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The Great Fish Migration

The secret lives of fish are coming to light

A tarpon turns into a column of mullet as they make their fall run south past Jupiter Inlet. Photo by Paul Dabill Photography

A tarpon turns into a column of mullet as they make their fall run south past Jupiter Inlet. Photo by Paul Dabill Photography

In September, the beach is warm and inviting, but you may find the water a bit crowded this time of year. A river of mullet is just offshore, cruising south with speed after a summer of feeding and breeding. From the beach, the water looks alive, churning and erupting with fountains of mullet leaping to avoid their hungry pursuers. You may find the shore more crowded, too, with fishermen angling to take advantage of the bounty that follows the annual “Mullet Run.”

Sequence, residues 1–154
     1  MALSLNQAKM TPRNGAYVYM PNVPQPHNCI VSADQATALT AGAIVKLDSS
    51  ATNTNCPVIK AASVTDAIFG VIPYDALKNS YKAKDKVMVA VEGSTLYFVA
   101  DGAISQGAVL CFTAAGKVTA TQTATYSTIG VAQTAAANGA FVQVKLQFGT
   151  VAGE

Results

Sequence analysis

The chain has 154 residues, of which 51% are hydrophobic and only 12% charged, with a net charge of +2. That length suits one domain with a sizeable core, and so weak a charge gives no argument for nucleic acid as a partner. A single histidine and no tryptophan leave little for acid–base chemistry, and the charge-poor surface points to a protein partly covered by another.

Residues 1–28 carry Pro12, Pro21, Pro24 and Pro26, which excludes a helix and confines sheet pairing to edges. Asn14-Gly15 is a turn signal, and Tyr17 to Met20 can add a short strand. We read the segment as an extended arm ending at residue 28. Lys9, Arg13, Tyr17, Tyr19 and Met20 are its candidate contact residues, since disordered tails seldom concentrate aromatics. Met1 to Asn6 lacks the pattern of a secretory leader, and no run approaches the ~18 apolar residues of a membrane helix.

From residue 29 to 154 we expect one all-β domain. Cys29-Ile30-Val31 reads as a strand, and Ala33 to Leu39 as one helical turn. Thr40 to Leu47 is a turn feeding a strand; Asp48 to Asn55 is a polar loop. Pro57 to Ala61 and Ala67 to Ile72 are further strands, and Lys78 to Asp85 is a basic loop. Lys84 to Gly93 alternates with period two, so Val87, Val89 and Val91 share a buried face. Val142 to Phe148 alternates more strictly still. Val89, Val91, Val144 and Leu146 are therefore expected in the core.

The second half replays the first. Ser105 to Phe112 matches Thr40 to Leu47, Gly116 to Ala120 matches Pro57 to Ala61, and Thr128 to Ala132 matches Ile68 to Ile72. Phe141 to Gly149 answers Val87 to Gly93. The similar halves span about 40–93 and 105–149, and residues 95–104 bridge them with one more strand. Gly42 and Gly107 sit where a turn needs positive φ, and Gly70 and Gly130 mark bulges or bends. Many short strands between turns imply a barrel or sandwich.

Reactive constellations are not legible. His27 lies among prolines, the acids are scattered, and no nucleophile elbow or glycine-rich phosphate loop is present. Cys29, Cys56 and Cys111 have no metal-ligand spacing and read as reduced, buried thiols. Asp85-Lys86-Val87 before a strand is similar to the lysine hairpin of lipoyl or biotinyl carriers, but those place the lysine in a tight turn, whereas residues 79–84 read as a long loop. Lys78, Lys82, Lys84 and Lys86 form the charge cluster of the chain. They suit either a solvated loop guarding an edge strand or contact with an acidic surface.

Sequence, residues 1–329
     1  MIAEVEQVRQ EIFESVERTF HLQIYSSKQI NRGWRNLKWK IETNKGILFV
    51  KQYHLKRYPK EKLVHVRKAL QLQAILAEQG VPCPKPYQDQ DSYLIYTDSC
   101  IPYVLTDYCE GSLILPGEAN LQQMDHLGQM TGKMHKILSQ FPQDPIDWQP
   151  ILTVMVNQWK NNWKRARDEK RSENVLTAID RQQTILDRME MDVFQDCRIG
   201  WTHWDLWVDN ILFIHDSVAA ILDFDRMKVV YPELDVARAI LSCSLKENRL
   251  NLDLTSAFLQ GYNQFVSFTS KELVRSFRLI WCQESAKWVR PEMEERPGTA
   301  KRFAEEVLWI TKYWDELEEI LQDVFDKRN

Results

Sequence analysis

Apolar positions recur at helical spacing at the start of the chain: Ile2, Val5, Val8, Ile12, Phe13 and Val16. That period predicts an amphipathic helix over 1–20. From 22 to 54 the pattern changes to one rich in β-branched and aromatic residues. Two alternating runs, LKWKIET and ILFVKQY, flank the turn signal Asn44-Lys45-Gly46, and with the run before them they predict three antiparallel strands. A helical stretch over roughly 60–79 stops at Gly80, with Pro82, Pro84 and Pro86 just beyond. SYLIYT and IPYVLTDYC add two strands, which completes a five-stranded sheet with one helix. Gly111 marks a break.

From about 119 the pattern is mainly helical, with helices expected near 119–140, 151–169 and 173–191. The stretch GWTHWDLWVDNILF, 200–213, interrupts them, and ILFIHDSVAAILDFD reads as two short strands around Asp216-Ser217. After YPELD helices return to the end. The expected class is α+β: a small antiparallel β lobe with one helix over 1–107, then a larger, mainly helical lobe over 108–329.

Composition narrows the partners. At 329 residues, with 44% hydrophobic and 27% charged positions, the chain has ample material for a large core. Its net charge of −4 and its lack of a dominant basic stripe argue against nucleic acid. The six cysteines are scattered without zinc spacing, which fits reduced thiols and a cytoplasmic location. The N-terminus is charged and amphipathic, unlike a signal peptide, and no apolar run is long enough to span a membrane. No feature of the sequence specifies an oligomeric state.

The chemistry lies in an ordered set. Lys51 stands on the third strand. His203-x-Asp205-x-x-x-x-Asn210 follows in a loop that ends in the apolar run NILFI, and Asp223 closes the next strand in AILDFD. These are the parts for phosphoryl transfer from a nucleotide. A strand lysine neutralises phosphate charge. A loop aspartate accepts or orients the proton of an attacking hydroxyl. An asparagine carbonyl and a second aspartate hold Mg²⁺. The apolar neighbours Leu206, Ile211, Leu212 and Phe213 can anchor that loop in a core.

Their tails flick make a swirling motion that gives the trailing mullet momentum as they draft in behind. Hot on their heels are larger fish looking to fatten up on the plump males and roe-filled females, which are rich in omega 3. Hunting for food in cold water will be more taxing, so predators are looking to increase their fat stores now. Much like on the African plain, where large predators follow wildebeests for a hundred miles or more and stalk them from hiding places, fish higher up on the food chain will chase the mullet for long distances, or just lie in wait under piers and strike when they swim past.

Mullet are forage fish, which feed on algae and phytoplankton, so during fall migration they swim open-mouthed as they stay very close to wave energy at the shore and filter food through their gill rakers as they run. Mullet are a very ancient species; they survived the extinction of dinosaurs, but their numbers dipped significantly when they were scooped up in gill nets by the millions when their roe was prized in Korea and Japan. The gill net ban in 2003 was a key contributor to restoring their robust populations.